Rendez-vous Canada: Two Major Announcements

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Rendez-vous Canada took place at Scotiabank where the travel trade networked for four days.
Rendez-vous Canada took place at Scotiabank Convention Centre where travel trade professionals networked for four days.

 

Recommend recently traveled to Niagara Falls to attend Rendez-vous Canada (RVC), a 4-day international tourism marketplace that serves as a gateway to tourism experiences across Canada. Apart from bringing tourism professionals together to promote tourism across the country, two major announcements took place during this year’s RVC.

But before we get to that, let’s breakdown this year’s RVC success by numbers: RVC had approximately 1,600 delegates in attendance; 453 buyers from 28 countries—65 of those buyers coming from the U.S., making the U.S. the second largest market in attendance after Canada; 25 travel-trade media (Recommend being the only U.S. representative in attendance); and approximately 24,000 pre-scheduled face-to-face appointments taking place over the 4-day period.

The two major announcements made at RVC were that the Canadian Tourism Commission (CTC) will be targeting the U.S. market with new marketing initiatives over the next three years, and that the organization has changed its name to Destination Canada to better fit its marketing-inspired concept for business.

What does this mean for the U.S.?
Well, first the U.S. is Canada’s largest inbound market with an estimated 11.5 million overnight trips in 2014 and $7.2 billion in total spending. Though the U.S. is Canada’s most important inbound market, it currently represents less than half of Canada’s total international tourist receipts, accounting for 47 percent in 2013, which is down from 56 percent in 2005, which is the last time the numbers were up. The financial crisis impacted U.S. travel to Canada bringing overnight trips down by 20 percent and same day trips down by 50 percent. However, currently U.S. travel to Canada is once again gaining momentum with a 10 percent increase in 2014 and a 6 percent increase in arrivals during the first three months of 2015.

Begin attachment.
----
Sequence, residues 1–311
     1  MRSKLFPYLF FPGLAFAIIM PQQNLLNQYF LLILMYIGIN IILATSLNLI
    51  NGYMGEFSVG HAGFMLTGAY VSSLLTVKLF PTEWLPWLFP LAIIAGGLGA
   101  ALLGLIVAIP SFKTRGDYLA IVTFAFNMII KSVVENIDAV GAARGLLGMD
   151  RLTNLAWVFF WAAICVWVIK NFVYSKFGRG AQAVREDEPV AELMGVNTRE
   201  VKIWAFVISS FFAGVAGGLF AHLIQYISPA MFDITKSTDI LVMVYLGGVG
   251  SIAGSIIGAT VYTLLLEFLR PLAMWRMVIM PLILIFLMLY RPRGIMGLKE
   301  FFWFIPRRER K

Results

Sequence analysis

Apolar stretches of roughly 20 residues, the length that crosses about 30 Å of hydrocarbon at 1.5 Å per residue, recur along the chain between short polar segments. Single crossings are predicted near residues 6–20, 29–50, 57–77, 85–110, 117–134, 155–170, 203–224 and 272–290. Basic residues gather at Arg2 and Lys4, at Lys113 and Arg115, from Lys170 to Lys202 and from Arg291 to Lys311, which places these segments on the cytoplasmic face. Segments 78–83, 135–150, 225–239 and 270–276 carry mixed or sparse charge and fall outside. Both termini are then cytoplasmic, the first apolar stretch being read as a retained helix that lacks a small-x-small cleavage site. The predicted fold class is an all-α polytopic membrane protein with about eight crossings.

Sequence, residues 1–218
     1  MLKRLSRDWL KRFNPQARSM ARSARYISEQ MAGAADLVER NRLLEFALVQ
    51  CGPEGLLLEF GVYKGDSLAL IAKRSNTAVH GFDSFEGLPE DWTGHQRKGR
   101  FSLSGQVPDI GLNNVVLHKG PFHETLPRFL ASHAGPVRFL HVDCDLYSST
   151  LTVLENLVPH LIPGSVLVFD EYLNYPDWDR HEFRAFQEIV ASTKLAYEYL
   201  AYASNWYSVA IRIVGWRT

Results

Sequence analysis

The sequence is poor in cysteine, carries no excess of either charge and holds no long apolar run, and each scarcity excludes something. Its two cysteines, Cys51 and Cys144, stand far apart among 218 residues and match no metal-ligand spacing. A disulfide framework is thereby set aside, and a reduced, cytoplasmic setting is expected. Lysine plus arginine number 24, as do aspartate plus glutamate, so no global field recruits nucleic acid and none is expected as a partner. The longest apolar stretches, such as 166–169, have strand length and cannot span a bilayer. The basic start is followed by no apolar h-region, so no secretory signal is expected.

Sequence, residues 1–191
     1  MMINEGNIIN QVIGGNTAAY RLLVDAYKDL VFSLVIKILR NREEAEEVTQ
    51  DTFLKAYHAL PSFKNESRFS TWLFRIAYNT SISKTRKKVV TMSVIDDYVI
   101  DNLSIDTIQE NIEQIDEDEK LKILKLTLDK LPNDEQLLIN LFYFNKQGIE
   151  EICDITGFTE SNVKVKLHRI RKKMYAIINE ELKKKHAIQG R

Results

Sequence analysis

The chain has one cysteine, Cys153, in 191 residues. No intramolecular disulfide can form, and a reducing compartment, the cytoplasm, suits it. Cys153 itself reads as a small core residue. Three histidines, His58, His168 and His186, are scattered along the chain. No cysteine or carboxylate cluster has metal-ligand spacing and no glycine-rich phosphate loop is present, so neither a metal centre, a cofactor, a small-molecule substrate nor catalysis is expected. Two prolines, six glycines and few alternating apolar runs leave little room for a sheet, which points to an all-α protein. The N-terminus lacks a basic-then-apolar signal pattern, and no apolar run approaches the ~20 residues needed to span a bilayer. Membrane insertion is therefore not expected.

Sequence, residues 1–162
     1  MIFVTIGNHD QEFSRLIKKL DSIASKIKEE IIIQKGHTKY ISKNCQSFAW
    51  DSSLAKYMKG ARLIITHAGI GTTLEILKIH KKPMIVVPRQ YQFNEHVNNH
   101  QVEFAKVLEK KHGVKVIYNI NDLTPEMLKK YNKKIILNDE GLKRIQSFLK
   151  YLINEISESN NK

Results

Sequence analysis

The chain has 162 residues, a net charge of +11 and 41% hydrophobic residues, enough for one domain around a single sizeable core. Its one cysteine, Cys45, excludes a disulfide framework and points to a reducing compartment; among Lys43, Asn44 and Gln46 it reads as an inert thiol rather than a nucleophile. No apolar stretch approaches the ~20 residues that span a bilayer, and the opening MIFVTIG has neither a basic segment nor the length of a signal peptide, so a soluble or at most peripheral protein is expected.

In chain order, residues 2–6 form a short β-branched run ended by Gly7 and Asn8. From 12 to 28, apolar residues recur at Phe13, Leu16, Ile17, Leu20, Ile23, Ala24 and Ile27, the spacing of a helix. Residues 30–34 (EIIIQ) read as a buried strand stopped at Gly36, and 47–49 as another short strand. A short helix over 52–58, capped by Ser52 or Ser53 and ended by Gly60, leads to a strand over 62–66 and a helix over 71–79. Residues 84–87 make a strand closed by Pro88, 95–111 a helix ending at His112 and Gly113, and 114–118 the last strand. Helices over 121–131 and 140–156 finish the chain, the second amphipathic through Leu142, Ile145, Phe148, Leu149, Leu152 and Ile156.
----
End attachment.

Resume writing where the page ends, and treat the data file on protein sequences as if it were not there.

During RVC, Maxime Bernier, Minister of State Small Business and Tourism, spoke about the Canadian government’s commitment to promoting Canada as a premier tourism destination. He announced the additional support for tourism in their current budget, which will allow the CTC to lead a new initiative, in partnership with the tourism sector, to promote Canada to travelers from U.S. leisure markets.

“…We will put more money in the U.S. market, we will put more money as the federal government, but also all together with the provinces, with the private sector, the amount will be bigger and will be more efficient with the vision of the Destination Canada,” says Minister Bernier.

This goes along with Prime Minister Stephen Harper’s recent announcement that the CTC will receive an additional support of $30 million over the next three years for the major new marketing campaign to attract more American visitors to destinations across the country. Canada has not directly marketed to the U.S. since 2010, so the new marketing campaign will be compromised of innovative marketing methods to reach out to the U.S. traveler.

“…The importance of this announcement is that we can continue to invest a broad-based or a balanced market strategy instead of diverting some of our existing resources to the all important U.S. market,” says David Goldstein, president and CEO of Destination Canada.

“It’s not only about the new name, but about the new vision of the organization, and the new leadership of the organization. For me as the Minister in charge of tourism, it was important to have somebody at the head of Destination Canada who is coming from the private sector, and with a lot of various strong experiences in marketing, and David was the right guy,” adds Minister Bernier.

When asked about the marketing investment for this new campaign, Goldstein adds, “We are almost at a one-to-one ratio for partnership co-investment with our campaigns now. Now that we’re re-entering the U.S. leisure market, which is quite possibly the biggest connected market to the Canadian industry, we don’t foresee a problem, as long as we are putting together the right marketing platforms that are going to speak to our partners at all levels: provincial, territorial partners, industry partners, destination partners, but we have a pretty good track record in this and it’s our expectation that we’re going to more than double the federal government investment in this program in over the next three years.”